All About Asian Food

March 2013 Archives

Cherry Blossom Party Checklist

Beautiful Spring Cherry Blossoms Cherry Blossoms are iconic in Japanese culture. They appear in haikus and paintings, and are even on the 100 yen coin, which is comparable to our dollar bill. Parties to view the cherry blossoms have been popular for over a thousand years, and are held all over country. The parties are called 'Hanami' in Japan, and different people have Hanami parties in different ways.

Young people tend to break out the Sake, the Frisbees, the guitars, and then use the opportunity to socialize. And why not- meeting your boyfriend or girlfriend under a perfect sea of spring flowers is a great way to kick off a relationship. Older people and families usually take out the cameras and go for a stroll around the parks or riversides to enjoy the incredible beauty of spring.

Now, everyone's got their own idea of what a good Hanami is, but here at AFG, we want to help you and your friends have the perfect cherry blossom viewing experience. So whether you're more interested in the socializing, the beauty of nature, or just want another excuse to eat delicious Japanese food, we've got you covered.

THE CHECK LIST

TARP. Make sure it's big enough for everyone there, and remember this is a Japanese holiday, so take off your shoes when sitting on the tarp! No Shoes on the Tarp

SAKE. Alcohol is pretty important in Japanese culture, and it's been tied with Hanami parties for centuries- don't break the tradition. (So long as you're of legal age!)

CAMERA. You want to keep your precious memories, don't you? And the cherry blossoms are incredibly beautiful. You'll be kicking yourself if you forget this important item. Trust me, I've done it.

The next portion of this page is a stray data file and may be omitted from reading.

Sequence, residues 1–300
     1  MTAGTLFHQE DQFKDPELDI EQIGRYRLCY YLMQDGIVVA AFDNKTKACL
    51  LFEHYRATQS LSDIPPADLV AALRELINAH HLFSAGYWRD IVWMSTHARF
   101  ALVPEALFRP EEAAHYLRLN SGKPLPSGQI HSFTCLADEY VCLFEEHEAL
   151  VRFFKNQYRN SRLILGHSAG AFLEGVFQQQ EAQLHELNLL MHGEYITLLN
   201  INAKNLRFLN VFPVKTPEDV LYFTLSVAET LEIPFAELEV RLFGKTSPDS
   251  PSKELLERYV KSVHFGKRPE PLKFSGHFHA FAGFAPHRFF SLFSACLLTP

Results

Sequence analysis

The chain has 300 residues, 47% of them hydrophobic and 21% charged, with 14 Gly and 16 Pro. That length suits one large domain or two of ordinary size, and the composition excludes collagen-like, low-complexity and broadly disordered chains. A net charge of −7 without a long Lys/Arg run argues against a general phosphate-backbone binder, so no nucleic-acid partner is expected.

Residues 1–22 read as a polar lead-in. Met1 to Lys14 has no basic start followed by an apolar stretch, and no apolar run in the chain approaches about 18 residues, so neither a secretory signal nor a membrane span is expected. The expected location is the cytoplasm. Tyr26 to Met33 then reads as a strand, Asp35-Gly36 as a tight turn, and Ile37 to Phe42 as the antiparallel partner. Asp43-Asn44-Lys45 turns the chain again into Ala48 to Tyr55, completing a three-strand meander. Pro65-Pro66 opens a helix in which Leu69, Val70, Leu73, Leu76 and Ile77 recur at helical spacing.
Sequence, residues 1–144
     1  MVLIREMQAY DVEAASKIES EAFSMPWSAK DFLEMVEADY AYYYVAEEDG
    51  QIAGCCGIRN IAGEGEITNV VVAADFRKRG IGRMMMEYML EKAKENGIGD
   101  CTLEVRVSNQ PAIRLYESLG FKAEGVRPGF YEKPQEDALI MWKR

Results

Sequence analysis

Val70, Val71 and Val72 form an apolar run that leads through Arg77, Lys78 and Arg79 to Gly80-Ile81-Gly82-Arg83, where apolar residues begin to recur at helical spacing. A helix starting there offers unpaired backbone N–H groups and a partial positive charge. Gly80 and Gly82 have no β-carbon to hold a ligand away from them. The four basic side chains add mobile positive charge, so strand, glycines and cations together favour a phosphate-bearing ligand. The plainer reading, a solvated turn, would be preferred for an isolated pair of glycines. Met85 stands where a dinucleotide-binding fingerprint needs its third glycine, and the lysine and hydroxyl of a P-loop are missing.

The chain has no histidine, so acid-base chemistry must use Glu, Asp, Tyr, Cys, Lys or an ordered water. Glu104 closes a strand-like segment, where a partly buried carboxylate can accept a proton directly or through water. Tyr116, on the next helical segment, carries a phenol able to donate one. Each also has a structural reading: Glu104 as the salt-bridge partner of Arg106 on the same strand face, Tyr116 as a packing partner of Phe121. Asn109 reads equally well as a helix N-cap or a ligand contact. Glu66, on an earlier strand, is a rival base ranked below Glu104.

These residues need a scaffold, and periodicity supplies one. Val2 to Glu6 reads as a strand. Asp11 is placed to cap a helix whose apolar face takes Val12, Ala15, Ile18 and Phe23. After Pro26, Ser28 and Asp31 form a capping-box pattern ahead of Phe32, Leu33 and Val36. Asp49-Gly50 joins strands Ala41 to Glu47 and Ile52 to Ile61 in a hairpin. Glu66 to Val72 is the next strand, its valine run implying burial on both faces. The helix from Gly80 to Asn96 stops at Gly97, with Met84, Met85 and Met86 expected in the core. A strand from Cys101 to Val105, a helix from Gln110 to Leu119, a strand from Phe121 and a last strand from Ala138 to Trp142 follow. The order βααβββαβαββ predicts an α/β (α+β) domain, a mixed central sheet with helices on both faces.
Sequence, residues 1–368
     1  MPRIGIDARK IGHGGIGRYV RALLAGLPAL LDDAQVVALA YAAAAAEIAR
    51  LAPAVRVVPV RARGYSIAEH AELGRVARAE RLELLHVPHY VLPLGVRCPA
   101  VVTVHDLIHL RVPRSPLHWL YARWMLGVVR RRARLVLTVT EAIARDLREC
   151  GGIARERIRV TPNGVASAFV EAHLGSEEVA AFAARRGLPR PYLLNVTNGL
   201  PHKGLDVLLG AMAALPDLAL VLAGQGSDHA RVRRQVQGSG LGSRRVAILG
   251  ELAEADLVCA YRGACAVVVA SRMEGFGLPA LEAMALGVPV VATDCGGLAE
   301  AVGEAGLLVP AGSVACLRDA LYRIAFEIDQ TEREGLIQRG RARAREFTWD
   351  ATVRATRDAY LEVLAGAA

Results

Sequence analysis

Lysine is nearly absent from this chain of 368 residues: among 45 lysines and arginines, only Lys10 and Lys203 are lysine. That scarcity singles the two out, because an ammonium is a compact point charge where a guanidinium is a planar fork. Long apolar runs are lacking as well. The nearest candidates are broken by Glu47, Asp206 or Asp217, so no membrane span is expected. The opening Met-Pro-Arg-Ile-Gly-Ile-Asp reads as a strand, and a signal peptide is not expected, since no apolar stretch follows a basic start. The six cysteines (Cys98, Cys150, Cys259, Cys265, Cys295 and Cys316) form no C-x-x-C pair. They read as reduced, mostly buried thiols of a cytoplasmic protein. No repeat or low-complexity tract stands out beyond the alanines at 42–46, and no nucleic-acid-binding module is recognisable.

ENTERTAINMENT. We all love to sit down with some food and sake, but it's also very common to use the Hanami as a chance to play in the park. So have a pickup game of soccer, practice your guitar chords, or throw a football around. It's spring time, get some exercise!

FOOD. A hanami is usually based around a picnic, and food ranks pretty highly at those things. So we recommend foods that can be transported easily, that don't leave a lot of garbage to clean up, and that don't need a lot of prep time. Ramen and Miso Soup are probably a bad idea. Try these foods instead:

-Onigiri - A rice ball with a variety of possible ingredients inside, usually fish. These are pretty easy to carry around, and are fairly tough- no need to worry about throwing them in your bag with a six pack and some soccer balls.

-Sushi Bento - The maki rolls are the easiest to carry around with you, but sashimi or California Rolls would also make for a great treat. Don't forget the Soy Sauce and Wasabi!

-Kara-age and Yakitori - This is Japanese Fried Chicken, or grilled chicken on a stick. These are delicious when home made, but they can be bought at most Japanese restaurants.

-Sakuramochi - This traditional Japanese Dessert has sweet Red Bean Paste inside of a dumpling, which is then adorned with a salted Cherry blossom leaf. Definitely a taste of Japan!

-Candy and Snacks - What's a picnic without some delicious Japanese treats like Pocky, Pretz, or Wasabi Peas?

MANNERS! - Remember to say 'Itadakimasu' (Thanks for the food) before eating the meal, and 'Gochisosama' (Thanks for the food) afterwards. And remember, it's appropriate to pour sake for others, and let them pour it for you.